011815 - The Urban Tracker (In Manila): Top 10 Snappy Fun-Inspiring Songs Of The 80’s

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0's could be said as one of the glorious decades in music. Thanks to MTV and British invasion, pop gave birth to a new fusion of sound from new wave, punk, rock, electronic, synth. 

As such, the decade produced hits which were lyrically easy to jive with and succeeded in bringing us with a joyful remembrance of that era.

These are the rundown of 10 80’s tunes that never fails to spark a casual coolness, feel-good, or joyful sensation with melodies still stuck in our heads and oops they're not irritatingly cheesy by the way.

10.   Let’s Hear It For The Boys - Deniece Williams, 1984

This Footloose soundtrack song that came in 1984 exuding a sweet voice of a newcomer Deniece Williams registered  more with a bubbly note yet similar to the party effect of  Debarge’s  Rhythm of the Night  especially when Deniece belting  "Oh maybe he's no Romeo, but he's my lovin' one-man show, oh, whoa, Let's hear it for the boys“, sustaining the already upbeat tempo. She should have loosened some foot works like what Janet, Debbie, or Madonna did for a take-off.

9.  Breakout - Swing Out Sister, 1986

Swing Out Sisters debut album in 1986 It’s Better To Travel opened another curtain to 80's musical improvisation. Corinne Drewery’s vocals was already indulging and retentive Don’t stop to act, and now you found the break to make it last, you've got to find the way, say what you want to say, breakout.” Those lyrics matched by trumpet beat was the glorious part of a smooth and jazzy tone fused as a radio-friendly pop track. SOS consistently fashioned a jazzy kick with succeeding hits like The Waiting Game, a sound so original and hard to imitate up to now.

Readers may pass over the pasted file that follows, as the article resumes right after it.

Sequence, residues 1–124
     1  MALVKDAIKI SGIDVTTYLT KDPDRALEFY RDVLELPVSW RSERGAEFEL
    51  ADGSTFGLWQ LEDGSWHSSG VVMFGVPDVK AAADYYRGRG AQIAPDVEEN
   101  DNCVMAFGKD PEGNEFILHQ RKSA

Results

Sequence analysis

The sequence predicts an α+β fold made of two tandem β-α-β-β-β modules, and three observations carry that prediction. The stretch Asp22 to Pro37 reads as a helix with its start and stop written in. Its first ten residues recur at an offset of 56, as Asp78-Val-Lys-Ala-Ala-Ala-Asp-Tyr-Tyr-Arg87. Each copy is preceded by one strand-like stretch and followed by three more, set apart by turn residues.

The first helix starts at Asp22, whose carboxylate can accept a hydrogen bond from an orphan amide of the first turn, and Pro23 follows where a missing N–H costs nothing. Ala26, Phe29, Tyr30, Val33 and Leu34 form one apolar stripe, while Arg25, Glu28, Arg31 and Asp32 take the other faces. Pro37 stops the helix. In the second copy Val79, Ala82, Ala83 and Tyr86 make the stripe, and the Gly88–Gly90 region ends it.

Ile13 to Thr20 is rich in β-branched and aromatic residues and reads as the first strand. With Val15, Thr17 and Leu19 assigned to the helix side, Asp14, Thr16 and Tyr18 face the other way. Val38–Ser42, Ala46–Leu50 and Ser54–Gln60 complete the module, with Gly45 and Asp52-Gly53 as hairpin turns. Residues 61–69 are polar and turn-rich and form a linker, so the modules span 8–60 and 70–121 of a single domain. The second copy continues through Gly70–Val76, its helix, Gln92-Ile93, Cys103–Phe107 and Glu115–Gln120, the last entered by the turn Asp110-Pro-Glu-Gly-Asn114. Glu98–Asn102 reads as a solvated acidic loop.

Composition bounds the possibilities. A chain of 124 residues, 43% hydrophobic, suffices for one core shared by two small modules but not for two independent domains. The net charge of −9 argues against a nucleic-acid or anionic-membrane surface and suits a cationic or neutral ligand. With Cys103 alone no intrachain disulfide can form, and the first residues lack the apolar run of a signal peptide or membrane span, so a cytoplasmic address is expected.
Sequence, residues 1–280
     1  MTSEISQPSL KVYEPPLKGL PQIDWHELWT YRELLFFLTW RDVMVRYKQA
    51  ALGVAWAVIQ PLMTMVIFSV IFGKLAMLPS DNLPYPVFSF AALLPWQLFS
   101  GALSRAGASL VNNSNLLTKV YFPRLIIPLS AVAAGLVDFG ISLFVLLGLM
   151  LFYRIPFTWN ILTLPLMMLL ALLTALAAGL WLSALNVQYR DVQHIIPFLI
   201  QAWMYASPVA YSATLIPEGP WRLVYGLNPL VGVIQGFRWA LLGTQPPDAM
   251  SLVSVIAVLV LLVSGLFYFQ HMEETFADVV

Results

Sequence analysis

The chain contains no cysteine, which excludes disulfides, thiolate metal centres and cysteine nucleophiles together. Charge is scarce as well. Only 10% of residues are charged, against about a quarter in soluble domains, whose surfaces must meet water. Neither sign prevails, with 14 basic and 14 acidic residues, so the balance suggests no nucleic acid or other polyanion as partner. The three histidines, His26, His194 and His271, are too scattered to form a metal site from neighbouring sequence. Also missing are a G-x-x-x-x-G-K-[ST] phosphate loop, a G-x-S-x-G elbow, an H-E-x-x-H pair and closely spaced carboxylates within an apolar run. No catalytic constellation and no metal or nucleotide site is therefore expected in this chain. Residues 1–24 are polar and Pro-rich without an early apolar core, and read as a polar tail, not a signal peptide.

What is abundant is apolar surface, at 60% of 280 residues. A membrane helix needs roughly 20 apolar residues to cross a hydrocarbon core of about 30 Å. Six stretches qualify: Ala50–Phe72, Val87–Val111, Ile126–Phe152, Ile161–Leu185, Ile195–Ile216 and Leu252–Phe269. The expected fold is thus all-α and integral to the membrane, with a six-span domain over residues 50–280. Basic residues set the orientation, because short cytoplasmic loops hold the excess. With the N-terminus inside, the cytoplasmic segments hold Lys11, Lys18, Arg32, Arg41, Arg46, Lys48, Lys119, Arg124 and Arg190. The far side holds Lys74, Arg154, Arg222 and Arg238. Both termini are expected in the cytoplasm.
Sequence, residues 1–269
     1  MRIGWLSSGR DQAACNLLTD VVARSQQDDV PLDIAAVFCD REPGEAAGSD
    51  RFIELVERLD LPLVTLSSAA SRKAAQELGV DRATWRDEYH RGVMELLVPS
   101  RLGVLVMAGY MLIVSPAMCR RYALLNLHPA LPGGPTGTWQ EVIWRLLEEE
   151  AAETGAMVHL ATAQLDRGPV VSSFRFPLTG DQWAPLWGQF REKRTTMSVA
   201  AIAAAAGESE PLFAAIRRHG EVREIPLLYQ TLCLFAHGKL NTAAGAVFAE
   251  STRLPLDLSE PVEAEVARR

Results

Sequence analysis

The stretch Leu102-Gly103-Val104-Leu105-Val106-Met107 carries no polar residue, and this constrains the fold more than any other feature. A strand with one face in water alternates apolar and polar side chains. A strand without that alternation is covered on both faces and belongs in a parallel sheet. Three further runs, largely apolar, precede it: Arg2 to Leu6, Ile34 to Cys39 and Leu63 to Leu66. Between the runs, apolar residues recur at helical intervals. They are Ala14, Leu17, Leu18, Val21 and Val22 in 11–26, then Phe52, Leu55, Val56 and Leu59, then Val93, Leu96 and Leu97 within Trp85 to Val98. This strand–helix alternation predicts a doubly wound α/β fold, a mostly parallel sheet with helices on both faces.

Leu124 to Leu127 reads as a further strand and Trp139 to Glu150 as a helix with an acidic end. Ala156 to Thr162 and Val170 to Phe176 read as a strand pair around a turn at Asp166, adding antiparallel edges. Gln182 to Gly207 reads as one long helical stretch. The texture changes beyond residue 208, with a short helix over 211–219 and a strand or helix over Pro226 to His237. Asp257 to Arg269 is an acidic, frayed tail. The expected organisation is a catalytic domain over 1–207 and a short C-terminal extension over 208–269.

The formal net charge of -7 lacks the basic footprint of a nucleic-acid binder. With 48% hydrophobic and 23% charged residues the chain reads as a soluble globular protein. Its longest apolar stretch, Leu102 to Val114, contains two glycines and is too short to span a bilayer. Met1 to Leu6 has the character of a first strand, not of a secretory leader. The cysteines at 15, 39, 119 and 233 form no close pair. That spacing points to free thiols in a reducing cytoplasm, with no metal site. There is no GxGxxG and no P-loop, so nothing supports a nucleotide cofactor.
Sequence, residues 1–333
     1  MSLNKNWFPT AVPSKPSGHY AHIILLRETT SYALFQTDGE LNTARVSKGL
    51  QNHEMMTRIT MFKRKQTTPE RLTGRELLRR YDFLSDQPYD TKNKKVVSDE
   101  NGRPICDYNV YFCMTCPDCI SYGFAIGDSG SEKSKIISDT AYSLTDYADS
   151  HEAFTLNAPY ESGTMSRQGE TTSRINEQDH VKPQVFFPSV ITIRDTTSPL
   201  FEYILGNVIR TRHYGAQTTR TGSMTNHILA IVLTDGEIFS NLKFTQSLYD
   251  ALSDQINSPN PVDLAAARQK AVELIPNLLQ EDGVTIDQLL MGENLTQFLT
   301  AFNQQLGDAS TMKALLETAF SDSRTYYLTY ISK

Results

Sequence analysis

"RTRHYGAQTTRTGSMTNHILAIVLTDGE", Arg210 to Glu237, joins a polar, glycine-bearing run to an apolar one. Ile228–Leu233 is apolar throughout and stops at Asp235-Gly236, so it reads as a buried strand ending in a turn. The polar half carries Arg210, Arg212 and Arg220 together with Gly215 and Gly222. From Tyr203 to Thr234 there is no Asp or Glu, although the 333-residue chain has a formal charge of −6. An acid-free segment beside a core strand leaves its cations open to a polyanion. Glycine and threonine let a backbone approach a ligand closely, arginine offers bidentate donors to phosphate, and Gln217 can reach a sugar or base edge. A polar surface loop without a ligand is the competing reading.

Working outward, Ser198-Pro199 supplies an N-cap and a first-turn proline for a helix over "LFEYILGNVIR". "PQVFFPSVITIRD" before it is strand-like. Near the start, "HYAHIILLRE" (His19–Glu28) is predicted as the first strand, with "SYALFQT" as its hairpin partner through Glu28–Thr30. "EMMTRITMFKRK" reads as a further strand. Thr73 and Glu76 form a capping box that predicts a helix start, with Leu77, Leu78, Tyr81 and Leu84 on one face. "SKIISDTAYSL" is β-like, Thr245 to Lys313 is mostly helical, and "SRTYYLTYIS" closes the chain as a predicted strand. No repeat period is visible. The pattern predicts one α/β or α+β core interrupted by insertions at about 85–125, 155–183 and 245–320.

8. Never Gonna Give You Up - Rick Astley, 1988

Countless fans fell  hopelessly romantic of Rick Astley especially crooning the part "he never gonna give you up, never gonna let you down, never gonna run around and desert you/ Never gonna make you cry, never gonna say goodbye, never gonna tell a lie and hurt you." That alone figured a huge following for this catchy rickrolling Stock, Aitken and Waterman produce. The British phenom has ever since stormed the world with his low-toned voice - something that many still can’t help but skip a heart beat and do a rickroll whenever they hear that voice on the radio.

      7. Together In Electric Dreams - Giorgio Moroder       
      & Philip Oakey, 1984

This is a curious case of how a song could eclipse the popularity of its own movie where it was originally meant as a soundtrack. Electric Dreams the movie was a flop but when Giorgio Moroder pulled up Philip Oakey to release this song in 1984, people started remembering the song than the movie itself.  How could one not be with its dreamy lyrics “ We`ll always be together, However far it seems, (Love never ends) We`ll always be together, Together in Electric Dreams which gets fancier as you play and replay. Human League's Philip Oakey softening his synth did the magic.

6. Karma Chameleon - Culture Club, 1983